Channel NewsAsia

It'll keep raining for the first half of September, Met Service says

Expect wet weather to keep up, but there's still the possibility of haze thereafter, Meterological Service Singapore warns.

SINGAPORE: Following a prolonged dry spell earlier this year, more rain than usual pelted down on Singapore last month, in the middle of what is supposed to be the dry season.

And the relatively wet conditions are set to continue over the first half of this month before drier conditions set in, said the Meteorological Service Singapore (MSS) in response to queries.

The dry season typically runs from June to October. Last month, however, saw 240.2mm of rainfall, higher than the average rainfall of 175mm for the month. Last year and in 2012, the total monthly rainfall recorded for August were 179.8mm and 119.4mm, respectively.

The wetter conditions in July and August are due to the slightly higher occurrence of convective thunderstorms and the Sumatra squalls, a MSS spokesperson said.

On Wednesday (Sep 3), the PUB reported flash floods at the junction of Lower Delta Road and Telok Blangah Rise following heavy rain in the afternoon. In July, a heavy downpour accompanied by strong winds that lasted more than two hours left behind a trail of fallen tree branches. Flash floods were also reported on some roads, such as Mackenzie Road.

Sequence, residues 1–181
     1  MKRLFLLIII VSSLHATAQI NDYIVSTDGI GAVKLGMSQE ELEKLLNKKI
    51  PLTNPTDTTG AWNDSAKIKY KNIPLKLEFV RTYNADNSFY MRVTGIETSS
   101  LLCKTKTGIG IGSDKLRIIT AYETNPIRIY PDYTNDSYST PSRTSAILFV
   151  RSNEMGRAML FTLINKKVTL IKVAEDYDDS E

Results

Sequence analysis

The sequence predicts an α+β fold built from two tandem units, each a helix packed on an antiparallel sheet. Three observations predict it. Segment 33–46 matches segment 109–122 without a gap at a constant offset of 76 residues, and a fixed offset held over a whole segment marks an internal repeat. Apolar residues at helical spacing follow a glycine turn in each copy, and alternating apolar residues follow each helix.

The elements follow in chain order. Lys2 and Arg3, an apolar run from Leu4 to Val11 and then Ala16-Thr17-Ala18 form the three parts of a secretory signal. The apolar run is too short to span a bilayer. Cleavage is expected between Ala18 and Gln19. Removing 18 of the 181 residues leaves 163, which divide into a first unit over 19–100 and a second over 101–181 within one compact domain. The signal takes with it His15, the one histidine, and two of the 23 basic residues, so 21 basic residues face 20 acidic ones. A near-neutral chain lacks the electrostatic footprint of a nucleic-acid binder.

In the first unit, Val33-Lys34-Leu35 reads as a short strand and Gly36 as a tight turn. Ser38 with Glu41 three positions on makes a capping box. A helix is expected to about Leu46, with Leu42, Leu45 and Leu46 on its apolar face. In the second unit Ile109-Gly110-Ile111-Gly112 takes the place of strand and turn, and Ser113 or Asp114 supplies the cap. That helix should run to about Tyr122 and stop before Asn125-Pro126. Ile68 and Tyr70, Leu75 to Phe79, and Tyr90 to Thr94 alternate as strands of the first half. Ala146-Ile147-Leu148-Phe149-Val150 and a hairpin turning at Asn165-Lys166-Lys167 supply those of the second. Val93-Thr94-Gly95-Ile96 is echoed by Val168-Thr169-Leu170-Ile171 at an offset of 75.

The MSS added that since the onset of the South-west Monsoon season in June, the region has been generally wet with brief periods of drier weather. While the occasional dry periods had led to an escalation of hot-spot activities in Sumatra and Kalimantan, Singapore has not been affected by the transboundary haze as the prevailing southerly winds have kept the haze away.

But it said for the rest of the South-west Monsoon season — which lasts until next month — periods of dry weather leading to increased hot-spot activities may still be expected in the region. “Singapore could be affected by transboundary haze if the prevailing winds blow any smoke haze in the region towards Singapore,” added the spokesperson.

The National Environment Agency (NEA) had predicted in June that weak-to-moderate El Nino conditions could develop over the next few months. In the latest El Nino update dated Aug 8, the NEA noted that while Singapore would usually experience drier and warmer conditions during El Nino events — especially during the South-west Monsoon period — the impact on rainfall and temperature is not uniform over time.

For instance, there were years where “relatively weaker events” induced more significant changes in rainfall, added the NEA.